A Sydney doctor has been found guilty of injecting his wife in the buttock with fast-acting insulin so that he could be with his lover
Justice Clifton Hoeben ruled on Thursday that Brian Kenneth Crickitt had murdered his wife of 19 years, Christine Crickitt, late on the 31 December 2009 or early on New Year’s Day in 2010.
At the time of the event, Crickitt was a general practitioner at Campbelltown Medical and Dental Centre in the Greater Western Sydney region.
After investigations by police, it was discovered he was having an affair and in the weeks leading up to his wife’s death had spent most nights with his mistress, even raising the idea of marriage with her.
Police also discovered that on 30 December 2009, the day before his wife’s death, Crickitt had carried out two internet searches relating to fatal overdoses of insulin.
The judge concluded the only rational explanation was that he was seeking information to further his plan to murder his wife.
On 31 December, Crickitt saw a patient who was a diabetic.
That evening, the GP used a prescription he wrote for the patient to improperly obtain NovoRapid FlexPens from a local pharmacy, the judge found.
Rather than forcibly injecting his wife, the judge found it was more likely that Crickitt obtained his wife’s consent by persuading her it was a drug she legitimately needed.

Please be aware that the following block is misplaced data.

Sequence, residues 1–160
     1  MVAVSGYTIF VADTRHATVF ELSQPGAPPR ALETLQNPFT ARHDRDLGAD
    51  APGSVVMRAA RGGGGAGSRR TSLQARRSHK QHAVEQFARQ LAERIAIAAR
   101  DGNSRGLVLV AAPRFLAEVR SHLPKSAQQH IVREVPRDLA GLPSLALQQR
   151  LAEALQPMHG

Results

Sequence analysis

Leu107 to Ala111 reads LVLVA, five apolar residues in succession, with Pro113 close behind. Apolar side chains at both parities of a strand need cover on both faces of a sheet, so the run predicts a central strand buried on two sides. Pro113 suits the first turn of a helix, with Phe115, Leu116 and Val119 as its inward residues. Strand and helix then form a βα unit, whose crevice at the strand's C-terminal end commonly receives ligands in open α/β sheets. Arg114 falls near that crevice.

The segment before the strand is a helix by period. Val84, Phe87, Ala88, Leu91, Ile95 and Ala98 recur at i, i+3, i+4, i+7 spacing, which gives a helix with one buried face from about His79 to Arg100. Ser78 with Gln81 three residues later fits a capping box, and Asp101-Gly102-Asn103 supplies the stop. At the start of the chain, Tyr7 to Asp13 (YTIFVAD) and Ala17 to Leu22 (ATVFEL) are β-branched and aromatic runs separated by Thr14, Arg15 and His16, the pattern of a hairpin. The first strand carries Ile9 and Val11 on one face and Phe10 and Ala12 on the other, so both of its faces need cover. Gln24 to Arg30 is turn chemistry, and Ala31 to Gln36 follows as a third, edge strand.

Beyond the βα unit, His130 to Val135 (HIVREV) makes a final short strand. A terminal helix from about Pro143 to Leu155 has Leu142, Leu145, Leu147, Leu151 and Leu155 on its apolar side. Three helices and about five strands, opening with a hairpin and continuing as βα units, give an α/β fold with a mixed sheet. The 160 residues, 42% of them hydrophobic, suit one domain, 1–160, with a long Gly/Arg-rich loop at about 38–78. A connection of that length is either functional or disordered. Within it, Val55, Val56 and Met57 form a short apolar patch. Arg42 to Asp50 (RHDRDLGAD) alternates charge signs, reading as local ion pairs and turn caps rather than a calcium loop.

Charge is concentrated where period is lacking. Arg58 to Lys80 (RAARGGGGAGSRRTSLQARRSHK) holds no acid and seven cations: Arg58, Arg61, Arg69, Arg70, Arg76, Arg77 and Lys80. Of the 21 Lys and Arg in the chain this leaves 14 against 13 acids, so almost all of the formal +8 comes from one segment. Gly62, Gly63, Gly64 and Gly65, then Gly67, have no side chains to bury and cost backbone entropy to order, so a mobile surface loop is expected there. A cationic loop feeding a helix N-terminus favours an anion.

Christine Crickitt had several health conditions and frequently relied on her GP husband to deliver medications, although insulin was not one of them as she was not a diabetic.
The drug would have led Christine Crickitt to experience incapacitating hypoglycaemia, eventually rendering her comatose and leading to her death.
Crickitt had initially lied to police, saying he had driven around for a few hours early on New Year’s Day after arguing with his wife, but later admitted he had spent the rest of the night with his mistress.
He also tried to cover up his actions by deactivating the NovoRapid prescription in his medical records.
An autopsy could not conclude the cause of the death, but the judge said he was satisfied beyond reasonable doubt that it was from an intentionally fatal overdose of insulin, due to Crickitt improperly obtaining the drug on 31 December.
Justice Hoeben said that Crickitt’s primary motive was a combination of increasing dislike for his wife and his infatuation with his mistress.
While the rational course of action for Crickitt would have been to end the marriage, Justice Hoeben observed that “of their very nature matters of love and hatred are not rational”.
According to news reports, Crickitt will be sentenced in February.